According to a report by the Barna Group, a Christian organization, young people’s perception of Christianity is lower now than it has been in past decades.
The study shows that 16- to 29-year-olds exhibit a greater degree of criticism toward Christianity than did previous generations when they were at the same stage of life. In fact, in just a decade, many of the Barna measures of the Christian image have shifted substantially downward, fueled in part by a growing sense of disengagement and disillusionment among young people. For instance, a decade ago the vast majority of Americans outside the Christian faith, including young people, felt favorably toward Christianity’s role in society. Currently, however, just 16% of non-Christians in their late teens and twenties said they have a “good impression” of Christianity.
Among young non-Christians, nine out of the top 12 perceptions were negative. Common negative perceptions include that present-day Christianity is judgmental (87%), hypocritical (85%), old-fashioned (78%), and too involved in politics (75%)
Interestingly, the study discovered a new image that has steadily grown in prominence over the last decade. Today, the most common perception is that present-day Christianity is “anti-homosexual.” Overall, 91% of young non-Christians and 80% of young churchgoers say this phrase describes Christianity.
Gee, no shit, Sherlock.
The article does point out that this trend is due at least in part to the fact that a smaller percentage of the US population is Christian than in decades past. It also points out that this does not seem to be a youthful phase that people grow out of as they get older.
Comments after the jump.
Frankly, these findings don’t surprise me. For one thing, at least since the 1980s, right-wing Christians have been building themselves up as a social and political movement, wooing the Republican party, insinuating themselves into the media, campaigning for various issues, and so forth. So for the last couple of decades, they’ve worked to make “Christian” synonymous with “right-wing fundamentalist/evangelical”. So when people hear “Christian”, they’re more likely to think of Jerry Falwell or Pat Robertson than Jimmy Carter or Jesse Jackson.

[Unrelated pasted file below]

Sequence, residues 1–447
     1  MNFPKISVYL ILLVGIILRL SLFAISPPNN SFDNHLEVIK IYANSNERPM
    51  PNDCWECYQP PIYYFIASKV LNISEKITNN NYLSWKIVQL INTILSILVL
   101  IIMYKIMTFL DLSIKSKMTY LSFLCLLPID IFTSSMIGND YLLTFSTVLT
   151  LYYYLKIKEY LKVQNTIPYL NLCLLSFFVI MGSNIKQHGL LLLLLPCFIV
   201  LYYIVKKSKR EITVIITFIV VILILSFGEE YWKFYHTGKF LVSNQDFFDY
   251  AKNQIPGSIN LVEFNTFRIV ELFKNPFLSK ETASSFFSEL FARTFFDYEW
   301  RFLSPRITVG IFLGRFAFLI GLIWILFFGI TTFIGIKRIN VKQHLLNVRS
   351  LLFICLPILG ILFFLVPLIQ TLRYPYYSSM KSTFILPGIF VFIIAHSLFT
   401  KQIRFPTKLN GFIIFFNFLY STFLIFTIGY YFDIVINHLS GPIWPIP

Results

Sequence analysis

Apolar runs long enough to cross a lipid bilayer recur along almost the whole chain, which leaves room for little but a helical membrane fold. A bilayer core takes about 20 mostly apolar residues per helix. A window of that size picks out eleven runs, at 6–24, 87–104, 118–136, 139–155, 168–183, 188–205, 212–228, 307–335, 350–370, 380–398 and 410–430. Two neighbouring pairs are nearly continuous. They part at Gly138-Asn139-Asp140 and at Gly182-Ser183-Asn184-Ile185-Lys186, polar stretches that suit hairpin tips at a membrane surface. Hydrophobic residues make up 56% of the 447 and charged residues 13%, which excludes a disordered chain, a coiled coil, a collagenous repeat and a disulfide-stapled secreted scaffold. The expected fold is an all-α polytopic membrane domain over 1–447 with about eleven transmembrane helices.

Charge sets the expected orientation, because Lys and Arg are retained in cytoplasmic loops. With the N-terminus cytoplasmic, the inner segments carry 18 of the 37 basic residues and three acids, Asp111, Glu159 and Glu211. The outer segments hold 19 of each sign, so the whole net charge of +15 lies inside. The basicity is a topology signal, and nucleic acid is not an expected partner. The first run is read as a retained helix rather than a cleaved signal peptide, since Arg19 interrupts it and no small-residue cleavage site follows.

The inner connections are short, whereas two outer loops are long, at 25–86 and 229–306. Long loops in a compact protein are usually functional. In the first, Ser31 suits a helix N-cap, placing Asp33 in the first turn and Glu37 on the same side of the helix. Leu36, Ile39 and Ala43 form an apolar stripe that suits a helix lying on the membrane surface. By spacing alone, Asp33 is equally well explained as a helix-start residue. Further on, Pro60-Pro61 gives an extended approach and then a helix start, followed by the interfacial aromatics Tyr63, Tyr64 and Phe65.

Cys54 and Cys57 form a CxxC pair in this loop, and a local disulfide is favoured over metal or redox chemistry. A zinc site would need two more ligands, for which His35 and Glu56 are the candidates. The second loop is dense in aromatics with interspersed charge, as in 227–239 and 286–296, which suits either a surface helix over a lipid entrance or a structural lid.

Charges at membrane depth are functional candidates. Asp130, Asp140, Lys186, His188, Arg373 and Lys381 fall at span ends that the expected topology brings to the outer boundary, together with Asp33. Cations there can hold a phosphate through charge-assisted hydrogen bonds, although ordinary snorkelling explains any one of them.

At the same time, more liberal and tolerant Christians don’t seem to have done all that much to dissociate themselves from the right-wingers. In part, this may be intrinsic: people who believe in tolerance for different points of view tend not to convert people to tolerance on pain of excommunication or eternal damnation. And people for whom religion isn’t that big a deal are less likely to wear their religion on their sleeve, so opposition to right-wing Christianity may not be as easily perceived as coming from within Christianity itself.
It’s also hard to hold a positive image of Christianity when one vocal Christian after another says something incredibly stupid, like Jerry Falwell blaming 9/11 on gays and the ACLU, or is caught in a scandal, like Ted “Completely Heterosexual” Haggard or Kent Hovind, or when they pressure school boards to stop teaching science because it conflicts with their dogma (Kansas, Ohio, Dover, PA, etc.).
As for homosexuality, the gay community has been pretty vocal itself in trying to achieve acceptance, which naturally leads to clashes with right-wing homophobes. Naturally, this leads to the perception, whether justified or not, that Christianity is opposed to homosexuality. And if you know people who are gay, you can compare the rhetoric and see if it matches what you see. To quote Jim Derych, author of Confessions of a Former Dittohead:
The world that I lived in refused to conform to the world Rush was telling me about. When my best friend turned out to be gay, I discovered it was easy to hate “the gay agenda,” but it was hard to hate “Scott.”
I’m pretty sure that the so-called “new atheism” (which is hardly new; it’s mainly a rise in the number of people unwilling to give nonsense a pass just because it’s labeled “religion”) is also at least partly a result of right-wing Christian activism. In other words, it’s not an attack on Christianity as much as a counterattack. But it’s a recent enough phenomenon that I doubt that writers like Harris, Dawkins, and Hitchens have contributed much to the declining numbers that Barma reports.
In short, I’m sorry, Christians, but you did this to yourselves. Some of you have shown yourselves to be ignorant bigots; others have failed to prevent Christianity from being represented by ignorant bigots.
(HT Martin Wagner.)